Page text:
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Getting to grips with trapped cash

Companies need easier access to their cash across the globe as regulatory changes are expected to make borrowing more expensive. But strict rules on getting funds out of emerging markets – where many have invested heavily – are a major roadblock. Fortunately, regulatory reforms mean cash previously caught behind a country’s borders is becoming more accessible.

The biggest impact of ‘trapped cash’ is that it prevents companies from using surplus funds they hold in one part of the world to offset their borrowing elsewhere. This makes it more expensive for them to borrow and hits their balance sheets hard.

It can also restrict investment decisions to within each country, hampering an overarching, global plan for a business’s growth from central management.

Accessing trapped cash has grown in importance since new Basel III regulations proposed stricter capital and liquidity requirements on banks – potentially reducing their ability to lend to clients significantly.

Lending rates are expected to rise by 40-85 basis points as a result, and consultants PricewaterhouseCoopers predict that the regulation will remove up to GBP1 trillion of liquidity from the UK market alone.

Regulatory reforms dealing with the issue in countries including China, India, Russia and Turkey are easing the cross-border flow of funds and helping companies ensure strong liquidity management across their business.

To ensure they manage their liquidity in the best way possible, companies need to understand fully how these reforms can benefit their global operations.

The reforms include:

  • Changes to a UK-China treaty which reduced tax rates on dividends, royalties and service fees, making it more tax efficient for UK companies to remove funds from China

  • The People’s Bank of China (PBoC) continuing to relax broader controls on cross-border renminbi flows, and reiterating its long-term aim to allow renminbi conversion to other currencies for capital account transactions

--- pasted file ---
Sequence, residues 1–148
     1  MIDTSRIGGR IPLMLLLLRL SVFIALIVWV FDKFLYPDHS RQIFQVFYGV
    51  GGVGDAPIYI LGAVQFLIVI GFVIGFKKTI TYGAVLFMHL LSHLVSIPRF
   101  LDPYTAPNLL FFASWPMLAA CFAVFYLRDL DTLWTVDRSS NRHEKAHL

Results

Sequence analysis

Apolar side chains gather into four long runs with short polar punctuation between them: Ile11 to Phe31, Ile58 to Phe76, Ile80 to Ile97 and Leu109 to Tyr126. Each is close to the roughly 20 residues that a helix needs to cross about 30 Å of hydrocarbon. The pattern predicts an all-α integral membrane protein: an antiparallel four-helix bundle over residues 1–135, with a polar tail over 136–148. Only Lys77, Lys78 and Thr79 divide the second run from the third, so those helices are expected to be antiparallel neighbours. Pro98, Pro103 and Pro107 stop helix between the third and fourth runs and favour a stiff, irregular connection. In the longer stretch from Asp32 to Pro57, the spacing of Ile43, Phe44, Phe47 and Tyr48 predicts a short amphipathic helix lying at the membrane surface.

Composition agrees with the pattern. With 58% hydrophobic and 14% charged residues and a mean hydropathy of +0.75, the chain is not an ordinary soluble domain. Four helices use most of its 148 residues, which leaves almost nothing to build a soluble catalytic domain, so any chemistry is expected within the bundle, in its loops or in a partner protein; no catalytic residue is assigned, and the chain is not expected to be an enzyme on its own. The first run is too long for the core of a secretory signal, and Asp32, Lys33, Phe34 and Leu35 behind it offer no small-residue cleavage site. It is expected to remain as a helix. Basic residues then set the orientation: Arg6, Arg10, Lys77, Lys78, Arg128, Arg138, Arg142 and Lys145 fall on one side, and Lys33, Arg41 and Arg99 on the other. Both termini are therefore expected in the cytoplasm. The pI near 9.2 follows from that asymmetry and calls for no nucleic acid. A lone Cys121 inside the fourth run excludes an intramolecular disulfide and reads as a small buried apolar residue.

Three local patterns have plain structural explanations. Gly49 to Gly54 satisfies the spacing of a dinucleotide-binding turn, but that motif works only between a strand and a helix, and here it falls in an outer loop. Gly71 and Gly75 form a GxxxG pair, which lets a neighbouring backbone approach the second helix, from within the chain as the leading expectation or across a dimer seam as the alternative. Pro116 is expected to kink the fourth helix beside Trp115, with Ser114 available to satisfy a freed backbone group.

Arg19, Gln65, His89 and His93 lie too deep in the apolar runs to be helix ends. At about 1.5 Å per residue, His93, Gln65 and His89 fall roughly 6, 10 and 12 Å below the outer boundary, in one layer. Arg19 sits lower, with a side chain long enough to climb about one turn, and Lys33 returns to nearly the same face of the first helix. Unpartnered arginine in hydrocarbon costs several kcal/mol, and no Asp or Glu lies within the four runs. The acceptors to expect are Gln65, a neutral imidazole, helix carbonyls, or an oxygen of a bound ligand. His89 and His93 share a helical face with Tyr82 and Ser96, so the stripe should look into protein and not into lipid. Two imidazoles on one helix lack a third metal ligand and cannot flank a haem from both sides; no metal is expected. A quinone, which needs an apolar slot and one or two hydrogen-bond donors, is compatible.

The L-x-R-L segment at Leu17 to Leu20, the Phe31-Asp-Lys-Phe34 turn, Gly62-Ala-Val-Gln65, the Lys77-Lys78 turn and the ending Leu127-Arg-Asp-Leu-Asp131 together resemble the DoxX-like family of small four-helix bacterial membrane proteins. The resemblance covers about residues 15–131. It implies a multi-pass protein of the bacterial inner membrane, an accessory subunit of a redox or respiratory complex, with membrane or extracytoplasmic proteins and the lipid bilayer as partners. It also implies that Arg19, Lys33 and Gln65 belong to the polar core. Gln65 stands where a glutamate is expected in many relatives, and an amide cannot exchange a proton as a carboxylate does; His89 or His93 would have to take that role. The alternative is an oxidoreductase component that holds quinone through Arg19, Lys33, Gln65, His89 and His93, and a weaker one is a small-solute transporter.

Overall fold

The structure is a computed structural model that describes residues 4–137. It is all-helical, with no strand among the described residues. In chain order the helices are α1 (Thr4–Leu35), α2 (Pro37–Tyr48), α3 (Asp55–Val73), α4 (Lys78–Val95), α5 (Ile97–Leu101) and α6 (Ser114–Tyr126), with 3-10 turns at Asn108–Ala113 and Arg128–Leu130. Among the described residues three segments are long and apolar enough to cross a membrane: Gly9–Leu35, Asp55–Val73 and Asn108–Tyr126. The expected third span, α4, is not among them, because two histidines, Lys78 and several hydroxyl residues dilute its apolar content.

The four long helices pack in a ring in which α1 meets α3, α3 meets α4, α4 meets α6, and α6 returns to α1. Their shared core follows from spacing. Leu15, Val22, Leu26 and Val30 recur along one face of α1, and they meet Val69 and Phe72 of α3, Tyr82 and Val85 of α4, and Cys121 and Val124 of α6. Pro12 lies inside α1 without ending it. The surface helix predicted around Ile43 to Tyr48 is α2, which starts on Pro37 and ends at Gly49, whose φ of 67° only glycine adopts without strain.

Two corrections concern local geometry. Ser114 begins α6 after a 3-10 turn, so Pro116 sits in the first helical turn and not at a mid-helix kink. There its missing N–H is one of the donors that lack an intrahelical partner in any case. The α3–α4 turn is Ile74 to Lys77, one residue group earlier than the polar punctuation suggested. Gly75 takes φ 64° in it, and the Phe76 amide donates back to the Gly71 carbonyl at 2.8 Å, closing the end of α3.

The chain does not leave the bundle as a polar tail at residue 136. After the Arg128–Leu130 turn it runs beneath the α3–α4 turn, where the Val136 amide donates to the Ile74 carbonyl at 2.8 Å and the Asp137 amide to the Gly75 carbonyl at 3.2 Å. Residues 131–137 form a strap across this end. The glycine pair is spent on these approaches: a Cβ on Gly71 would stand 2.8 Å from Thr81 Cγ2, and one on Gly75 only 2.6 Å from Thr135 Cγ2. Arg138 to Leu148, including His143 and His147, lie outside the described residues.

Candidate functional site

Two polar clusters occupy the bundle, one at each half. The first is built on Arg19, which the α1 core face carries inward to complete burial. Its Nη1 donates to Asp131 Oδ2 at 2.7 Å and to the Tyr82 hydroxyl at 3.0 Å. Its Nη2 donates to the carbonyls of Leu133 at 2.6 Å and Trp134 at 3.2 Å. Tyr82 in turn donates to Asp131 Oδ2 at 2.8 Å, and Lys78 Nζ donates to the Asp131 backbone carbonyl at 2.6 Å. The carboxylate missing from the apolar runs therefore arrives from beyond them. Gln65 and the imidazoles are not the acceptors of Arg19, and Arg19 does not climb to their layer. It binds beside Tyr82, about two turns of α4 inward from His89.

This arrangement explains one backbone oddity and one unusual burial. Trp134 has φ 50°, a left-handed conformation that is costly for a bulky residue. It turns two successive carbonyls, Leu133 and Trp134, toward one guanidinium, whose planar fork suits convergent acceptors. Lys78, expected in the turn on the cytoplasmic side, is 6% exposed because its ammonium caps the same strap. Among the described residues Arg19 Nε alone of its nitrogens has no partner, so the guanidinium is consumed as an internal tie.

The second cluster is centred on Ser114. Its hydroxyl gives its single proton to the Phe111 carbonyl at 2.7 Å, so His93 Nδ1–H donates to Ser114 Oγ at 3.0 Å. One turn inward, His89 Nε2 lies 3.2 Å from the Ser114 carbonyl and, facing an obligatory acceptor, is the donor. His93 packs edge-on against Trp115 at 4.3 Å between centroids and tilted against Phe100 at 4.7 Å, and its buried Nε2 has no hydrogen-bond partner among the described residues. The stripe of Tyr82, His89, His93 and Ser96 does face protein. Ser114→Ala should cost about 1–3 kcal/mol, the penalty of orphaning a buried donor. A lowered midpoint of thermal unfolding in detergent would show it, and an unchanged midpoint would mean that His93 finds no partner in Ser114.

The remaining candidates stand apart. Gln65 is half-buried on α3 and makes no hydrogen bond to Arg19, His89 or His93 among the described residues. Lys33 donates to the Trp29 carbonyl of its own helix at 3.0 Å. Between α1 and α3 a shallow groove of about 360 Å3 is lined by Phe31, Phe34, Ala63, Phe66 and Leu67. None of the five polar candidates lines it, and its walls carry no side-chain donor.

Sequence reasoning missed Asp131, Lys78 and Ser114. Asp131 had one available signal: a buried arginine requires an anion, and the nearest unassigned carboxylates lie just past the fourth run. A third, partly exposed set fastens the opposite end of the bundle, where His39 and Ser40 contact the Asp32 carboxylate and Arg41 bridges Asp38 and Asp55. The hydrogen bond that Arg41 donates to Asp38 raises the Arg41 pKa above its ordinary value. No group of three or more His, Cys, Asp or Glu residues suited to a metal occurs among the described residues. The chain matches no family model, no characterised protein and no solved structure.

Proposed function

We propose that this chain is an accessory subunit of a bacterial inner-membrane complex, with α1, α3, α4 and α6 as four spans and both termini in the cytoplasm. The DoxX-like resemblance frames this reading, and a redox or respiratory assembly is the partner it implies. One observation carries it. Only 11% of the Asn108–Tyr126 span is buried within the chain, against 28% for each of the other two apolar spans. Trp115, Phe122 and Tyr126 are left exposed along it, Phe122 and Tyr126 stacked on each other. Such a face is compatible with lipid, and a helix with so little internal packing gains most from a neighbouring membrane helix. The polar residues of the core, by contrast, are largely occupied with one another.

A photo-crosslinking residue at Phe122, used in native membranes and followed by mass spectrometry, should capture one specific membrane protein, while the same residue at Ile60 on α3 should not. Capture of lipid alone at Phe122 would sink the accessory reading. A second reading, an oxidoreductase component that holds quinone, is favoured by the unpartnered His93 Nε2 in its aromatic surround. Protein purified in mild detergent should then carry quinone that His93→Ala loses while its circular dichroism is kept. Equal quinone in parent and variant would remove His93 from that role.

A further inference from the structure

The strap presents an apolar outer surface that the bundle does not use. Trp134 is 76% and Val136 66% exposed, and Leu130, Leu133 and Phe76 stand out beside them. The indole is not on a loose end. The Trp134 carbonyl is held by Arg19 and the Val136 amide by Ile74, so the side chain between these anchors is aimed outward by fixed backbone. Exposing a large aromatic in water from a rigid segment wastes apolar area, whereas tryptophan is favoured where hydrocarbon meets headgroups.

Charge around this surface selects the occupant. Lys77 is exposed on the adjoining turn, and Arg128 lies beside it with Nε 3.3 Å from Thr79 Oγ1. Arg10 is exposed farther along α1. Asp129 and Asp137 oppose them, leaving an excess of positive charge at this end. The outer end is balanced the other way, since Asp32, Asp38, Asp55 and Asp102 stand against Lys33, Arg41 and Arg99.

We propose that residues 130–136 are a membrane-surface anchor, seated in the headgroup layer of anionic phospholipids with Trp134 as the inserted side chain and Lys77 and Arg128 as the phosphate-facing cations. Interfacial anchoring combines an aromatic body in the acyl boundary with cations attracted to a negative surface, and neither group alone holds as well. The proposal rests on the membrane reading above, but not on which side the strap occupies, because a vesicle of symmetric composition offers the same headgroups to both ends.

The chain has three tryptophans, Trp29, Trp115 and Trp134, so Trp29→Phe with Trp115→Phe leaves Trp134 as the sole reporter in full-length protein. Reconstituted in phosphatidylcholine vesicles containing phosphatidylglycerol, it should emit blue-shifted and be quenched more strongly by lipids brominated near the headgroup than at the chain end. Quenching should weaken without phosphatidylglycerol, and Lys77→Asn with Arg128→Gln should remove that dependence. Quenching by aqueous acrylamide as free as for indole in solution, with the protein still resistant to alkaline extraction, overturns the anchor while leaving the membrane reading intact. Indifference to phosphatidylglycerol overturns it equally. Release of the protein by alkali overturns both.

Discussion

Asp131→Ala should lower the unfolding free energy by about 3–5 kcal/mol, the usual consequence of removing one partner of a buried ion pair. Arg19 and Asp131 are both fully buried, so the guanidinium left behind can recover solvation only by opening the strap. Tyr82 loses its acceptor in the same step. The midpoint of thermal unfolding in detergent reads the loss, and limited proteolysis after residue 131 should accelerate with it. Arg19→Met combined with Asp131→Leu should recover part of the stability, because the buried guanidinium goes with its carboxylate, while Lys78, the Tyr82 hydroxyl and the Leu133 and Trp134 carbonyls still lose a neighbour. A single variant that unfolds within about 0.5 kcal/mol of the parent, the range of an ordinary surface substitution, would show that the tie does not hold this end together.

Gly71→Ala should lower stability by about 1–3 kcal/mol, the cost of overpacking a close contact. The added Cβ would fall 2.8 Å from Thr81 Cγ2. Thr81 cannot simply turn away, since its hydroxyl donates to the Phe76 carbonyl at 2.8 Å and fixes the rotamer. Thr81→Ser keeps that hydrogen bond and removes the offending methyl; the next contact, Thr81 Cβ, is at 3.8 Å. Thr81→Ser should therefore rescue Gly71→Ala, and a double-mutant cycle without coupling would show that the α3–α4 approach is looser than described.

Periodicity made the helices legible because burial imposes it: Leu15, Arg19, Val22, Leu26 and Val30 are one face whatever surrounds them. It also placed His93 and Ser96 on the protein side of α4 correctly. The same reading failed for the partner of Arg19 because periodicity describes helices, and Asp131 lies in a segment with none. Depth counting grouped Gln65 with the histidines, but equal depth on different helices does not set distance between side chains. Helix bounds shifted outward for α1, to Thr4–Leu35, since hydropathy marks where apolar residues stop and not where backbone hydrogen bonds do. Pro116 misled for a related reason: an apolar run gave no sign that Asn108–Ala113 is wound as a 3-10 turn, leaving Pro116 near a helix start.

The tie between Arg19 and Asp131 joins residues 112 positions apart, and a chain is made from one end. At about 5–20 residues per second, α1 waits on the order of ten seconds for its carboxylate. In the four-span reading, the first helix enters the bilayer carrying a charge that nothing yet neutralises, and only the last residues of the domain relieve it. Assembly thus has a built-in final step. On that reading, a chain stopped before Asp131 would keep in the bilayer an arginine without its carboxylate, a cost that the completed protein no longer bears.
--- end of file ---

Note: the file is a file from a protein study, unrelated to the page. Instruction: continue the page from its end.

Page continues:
• Pilot schemes to repatriate cash trapped in China, approved by the central bank. They target cross-border intercompany lending – in renminbi and foreign currencies – and cross-border netting, enabling firms to tap into internal sources of liquidity and reduce funding costs. A growing number of firms operating in China with spare cash in Shanghai are taking advantage

  • Companies in India now being able to lend money to their overseas subsidiaries as long as it doesn’t exceed 400 per cent of their net worth

  • Capital account restrictions being lifted in Malaysia Regulatory changes in Russia and Turkey now allowing companies to invest abroad

Meanwhile, banks are offering financial structures to help clients manage their global currency positions. They include cross-border cash optimisation and cross-currency notional pooling, both of which drive greater value from cash balances that would otherwise remain trapped in either the affected jurisdiction or subsidiary.

Broadly, cash may be trapped in some parts of the world due to local or external factors, or the firm holding minority shares. Limitations on certain financial structures, regulatory insistence on compulsory reserves for loans and deposits, or tax implications on financial transactions are all key factors.

External causes include restrictions on investing abroad or intercompany lending, controls on converting and transferring currencies, high withholding taxes on dividends paid, and heavy administrative and central bank reporting overheads.

Issues around holding minority shares in a country are more difficult to solve as the company cannot decide on its own how to use the cash.

It is essential that businesses get access to and make the best use of all their cash around the world. The host of regulatory changes happening in emerging markets provides the opportunity they need to access funds they couldn’t previously get to. A number of businesses have already started making use of these changes.

Any approach to releasing trapped cash needs to be tailor-made to the company and the regulations involved. It requires in-depth analysis of the relevant countries’ laws, the business’s organisational structure and its tax set-up.

Businesses that fully understand all this, and how their banks’ solutions fit in with their plans, will find themselves a big step closer to managing their liquidity in the most efficient and effective way.

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